The Pink House of Purple Yam Preserves & Other Poems by Aileen I. Cassinetto

pink

By Lynette G. Esposito

The poems in The Pink House of Purple Yam Preserves & Other Poems by Aileen I. Cassinetto published by Little Dove Books are skillfully presented in a plain language that suggests complex visuals and contexts.

For example, in the poem from “The Enormous River Encircling the World” on page 15, the reader is drawn into visual language that not only makes the ocean smaller but the concept larger
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                          In ocean- speak
                          learn the art of camouflage
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The title changes the concept of ocean to river, from big to small to encircling the world. The visual is massive.  The reader looks and looks again to see the context of water linguistically defined. What a marvelous poetic skill Cassinetto has in this 102 page soft cover tome.
In The Promise on page 34, Cassinetto (dedicated to Carol and Erik) speaks in clear terms of the beginning pledge on one’s wedding day in two-line stanzas and well-placed punctuation.  The form and punctuation control the poem.
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                           Take these symbols of love.
                           to be perfect and unbroken,
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                           all ends joining
                           and curved, as though
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                            yielding, for love
                           is unconditional, and marriage.
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                           a compromise:
                           Golden-spun rings
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                           to wear from this day forward,
                          morsels of cake
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The two- line form is suggestive of the marriage coupling and of vows taken.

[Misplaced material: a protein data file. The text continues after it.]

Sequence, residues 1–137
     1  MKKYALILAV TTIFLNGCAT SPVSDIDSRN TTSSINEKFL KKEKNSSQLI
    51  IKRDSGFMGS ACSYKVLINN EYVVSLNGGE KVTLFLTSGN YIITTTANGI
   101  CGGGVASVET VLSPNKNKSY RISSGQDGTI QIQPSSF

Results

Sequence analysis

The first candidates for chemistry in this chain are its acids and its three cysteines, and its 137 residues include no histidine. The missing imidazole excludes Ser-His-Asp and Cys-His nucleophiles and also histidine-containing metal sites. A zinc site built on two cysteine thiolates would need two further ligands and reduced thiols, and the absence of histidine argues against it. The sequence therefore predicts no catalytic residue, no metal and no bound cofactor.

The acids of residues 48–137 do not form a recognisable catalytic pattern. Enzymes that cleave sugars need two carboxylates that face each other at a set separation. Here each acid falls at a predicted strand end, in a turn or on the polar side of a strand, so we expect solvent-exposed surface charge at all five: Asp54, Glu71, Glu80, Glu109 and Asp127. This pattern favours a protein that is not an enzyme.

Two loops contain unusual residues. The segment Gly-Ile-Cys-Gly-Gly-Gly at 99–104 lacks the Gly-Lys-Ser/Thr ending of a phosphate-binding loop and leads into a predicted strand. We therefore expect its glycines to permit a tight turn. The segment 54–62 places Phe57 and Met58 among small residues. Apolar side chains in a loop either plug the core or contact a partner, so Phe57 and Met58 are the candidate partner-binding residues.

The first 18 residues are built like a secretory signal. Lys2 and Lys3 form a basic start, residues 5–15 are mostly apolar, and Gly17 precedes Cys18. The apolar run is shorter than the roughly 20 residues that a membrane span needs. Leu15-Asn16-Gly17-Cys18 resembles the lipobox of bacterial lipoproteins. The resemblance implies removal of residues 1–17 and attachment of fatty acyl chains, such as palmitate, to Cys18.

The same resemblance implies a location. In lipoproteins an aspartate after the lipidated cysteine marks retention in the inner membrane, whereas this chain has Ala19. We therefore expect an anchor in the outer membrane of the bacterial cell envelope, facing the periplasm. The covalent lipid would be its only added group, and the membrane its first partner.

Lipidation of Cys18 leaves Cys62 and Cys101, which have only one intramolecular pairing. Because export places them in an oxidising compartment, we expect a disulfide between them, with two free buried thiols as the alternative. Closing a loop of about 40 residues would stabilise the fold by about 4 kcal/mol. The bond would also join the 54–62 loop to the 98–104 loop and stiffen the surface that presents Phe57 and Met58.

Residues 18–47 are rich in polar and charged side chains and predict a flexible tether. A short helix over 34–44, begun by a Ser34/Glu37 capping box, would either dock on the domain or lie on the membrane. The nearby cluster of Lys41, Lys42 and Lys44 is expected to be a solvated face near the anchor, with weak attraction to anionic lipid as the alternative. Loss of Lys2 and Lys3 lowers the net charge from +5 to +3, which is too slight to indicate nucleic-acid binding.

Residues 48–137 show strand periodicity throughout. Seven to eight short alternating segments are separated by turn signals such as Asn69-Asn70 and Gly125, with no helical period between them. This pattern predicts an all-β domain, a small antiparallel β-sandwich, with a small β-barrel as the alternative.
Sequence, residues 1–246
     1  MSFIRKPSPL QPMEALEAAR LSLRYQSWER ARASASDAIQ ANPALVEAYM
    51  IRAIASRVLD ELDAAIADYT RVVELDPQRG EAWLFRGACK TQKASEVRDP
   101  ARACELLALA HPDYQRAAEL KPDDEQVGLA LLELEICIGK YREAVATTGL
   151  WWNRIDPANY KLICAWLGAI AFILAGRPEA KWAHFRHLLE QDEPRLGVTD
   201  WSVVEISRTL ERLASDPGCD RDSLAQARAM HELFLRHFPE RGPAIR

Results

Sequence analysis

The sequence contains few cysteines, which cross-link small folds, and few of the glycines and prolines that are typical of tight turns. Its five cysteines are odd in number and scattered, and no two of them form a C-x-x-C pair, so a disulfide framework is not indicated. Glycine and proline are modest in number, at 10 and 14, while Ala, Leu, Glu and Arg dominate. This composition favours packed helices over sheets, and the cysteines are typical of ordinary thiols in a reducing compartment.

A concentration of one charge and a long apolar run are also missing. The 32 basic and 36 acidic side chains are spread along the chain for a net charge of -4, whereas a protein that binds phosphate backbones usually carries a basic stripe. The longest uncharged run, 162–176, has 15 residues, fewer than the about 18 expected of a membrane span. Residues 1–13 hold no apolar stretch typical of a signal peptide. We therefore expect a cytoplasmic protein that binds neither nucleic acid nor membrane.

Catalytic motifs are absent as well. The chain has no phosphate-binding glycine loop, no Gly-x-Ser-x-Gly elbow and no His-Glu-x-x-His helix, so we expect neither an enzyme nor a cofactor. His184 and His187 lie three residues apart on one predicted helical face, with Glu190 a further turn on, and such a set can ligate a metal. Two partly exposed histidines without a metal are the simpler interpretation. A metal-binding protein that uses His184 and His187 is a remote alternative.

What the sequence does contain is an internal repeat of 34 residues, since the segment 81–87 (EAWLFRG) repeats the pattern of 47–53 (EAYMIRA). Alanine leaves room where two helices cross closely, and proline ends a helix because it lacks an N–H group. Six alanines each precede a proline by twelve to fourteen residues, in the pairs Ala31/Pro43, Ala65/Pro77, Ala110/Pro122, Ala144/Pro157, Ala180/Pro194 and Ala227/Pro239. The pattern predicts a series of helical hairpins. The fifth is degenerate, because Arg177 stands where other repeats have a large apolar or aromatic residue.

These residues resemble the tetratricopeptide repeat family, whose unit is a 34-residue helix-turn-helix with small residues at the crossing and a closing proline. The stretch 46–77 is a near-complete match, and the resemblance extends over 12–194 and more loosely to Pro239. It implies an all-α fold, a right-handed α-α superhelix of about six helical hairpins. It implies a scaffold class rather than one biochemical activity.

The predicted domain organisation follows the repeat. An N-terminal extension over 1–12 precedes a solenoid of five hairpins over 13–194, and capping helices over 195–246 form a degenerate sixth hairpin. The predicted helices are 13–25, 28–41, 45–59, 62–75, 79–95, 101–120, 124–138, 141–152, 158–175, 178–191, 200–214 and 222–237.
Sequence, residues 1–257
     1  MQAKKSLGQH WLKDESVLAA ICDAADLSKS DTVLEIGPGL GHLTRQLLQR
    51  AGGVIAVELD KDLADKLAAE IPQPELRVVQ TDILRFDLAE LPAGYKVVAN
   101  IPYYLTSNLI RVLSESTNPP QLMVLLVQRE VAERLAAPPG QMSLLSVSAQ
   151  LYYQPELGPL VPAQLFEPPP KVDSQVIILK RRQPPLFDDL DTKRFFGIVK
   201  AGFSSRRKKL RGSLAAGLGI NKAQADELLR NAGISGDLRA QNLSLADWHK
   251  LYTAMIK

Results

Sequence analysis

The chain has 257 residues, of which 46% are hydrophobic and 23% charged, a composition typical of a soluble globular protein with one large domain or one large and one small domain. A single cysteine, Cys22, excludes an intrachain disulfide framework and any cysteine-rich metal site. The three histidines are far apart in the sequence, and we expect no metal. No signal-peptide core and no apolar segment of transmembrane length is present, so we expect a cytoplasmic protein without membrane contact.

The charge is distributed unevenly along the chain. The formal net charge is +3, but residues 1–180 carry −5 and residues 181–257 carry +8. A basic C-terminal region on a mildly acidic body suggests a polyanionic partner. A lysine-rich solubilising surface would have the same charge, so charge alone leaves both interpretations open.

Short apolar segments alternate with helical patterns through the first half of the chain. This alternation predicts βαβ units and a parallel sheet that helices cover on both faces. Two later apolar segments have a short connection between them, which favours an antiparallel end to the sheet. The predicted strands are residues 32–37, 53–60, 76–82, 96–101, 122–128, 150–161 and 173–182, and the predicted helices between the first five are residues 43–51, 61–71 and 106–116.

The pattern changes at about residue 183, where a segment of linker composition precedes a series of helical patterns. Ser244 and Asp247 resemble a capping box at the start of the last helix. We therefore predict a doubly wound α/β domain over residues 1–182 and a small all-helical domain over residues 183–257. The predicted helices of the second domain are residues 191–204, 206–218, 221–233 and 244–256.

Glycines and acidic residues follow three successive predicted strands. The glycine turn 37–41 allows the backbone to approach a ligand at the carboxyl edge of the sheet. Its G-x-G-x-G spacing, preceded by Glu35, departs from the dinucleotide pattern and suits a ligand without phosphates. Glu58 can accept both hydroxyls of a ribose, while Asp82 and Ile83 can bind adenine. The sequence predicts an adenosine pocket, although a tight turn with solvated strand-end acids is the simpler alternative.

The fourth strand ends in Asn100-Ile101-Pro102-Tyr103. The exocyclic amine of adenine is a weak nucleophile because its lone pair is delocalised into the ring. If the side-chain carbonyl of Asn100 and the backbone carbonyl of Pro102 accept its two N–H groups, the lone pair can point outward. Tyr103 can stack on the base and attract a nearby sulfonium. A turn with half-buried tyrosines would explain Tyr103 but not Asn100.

Included in this collection is a section of unfinished prose and a section of selected essays.  Cassinetto brings her amazing control of language to both theses sections..

In the unfinished prose section, there is just one article and it is full of description as the narrator travels to a wedding. Many suggestions are made about the quality of a woman’s life. After describing the lavish wedding and the sacrifices of both rich and poor, Cassinetto comments.
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                                This is also a country where one in every 400 women
                                worked as a prostitute. Most will never live to be a bride.
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Cassinetto has used her skill to draw both large and small experiences with referential contexts successfully.  The rich have weddings; the poor sell their blood.
In the selected essays section, Cassinetto provides several essays intermixed with poetry.   In the essay, The Color of Kalamunding, she starts with THERE IS NO GENTLENESS in the way I pick a fruit. The discussion becomes of lemonade, grandmothers and perfection. The essay is interesting and makes a strong point at the end of how we judge ourselves as she addresses the reader.
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                               You must have surmised who I am by now. Not quite
                                lime, not quite orange.  In the world of fruits, and flowers,
                                I am excessively flawed.  Such is my myth.
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I ask myself do I like this mixture of poetry, prose and essays in one book.  I find it a little unfocused and fragmented while at the same time enjoying the high quality of the writing.
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Lynette G. Esposito has been an Adjunct Professor at Rowan University,  Burlington County and Camden County Colleges. She has taught creative writing and conducted workshops in New Jersey and Pennsylvania.  Mrs. Esposito holds a BA in English from the University of Illinois and an MA in Creative Writing and English Literature from Rutgers University.  Her articles have appeared in the national publication, Teaching for Success; regionally in South Jersey Magazine, SJ Magazine. Delaware Valley Magazine, and her essays have appeared in Reader’s Digest and The Philadelphia Inquirer. Her poetry has appeared in US1, SRN Review, The Fox Chase Review, Bindweed Magazine, Poetry Quarterly, That Literary Review, The Remembered Arts Journal, and other literary magazines. She has critiqued poetry for local and regional writer’s conferences and served as a panelist and speaker at local and national writer’s conferences.  She lives with her husband, Attilio, in Mount Laurel, NJ.
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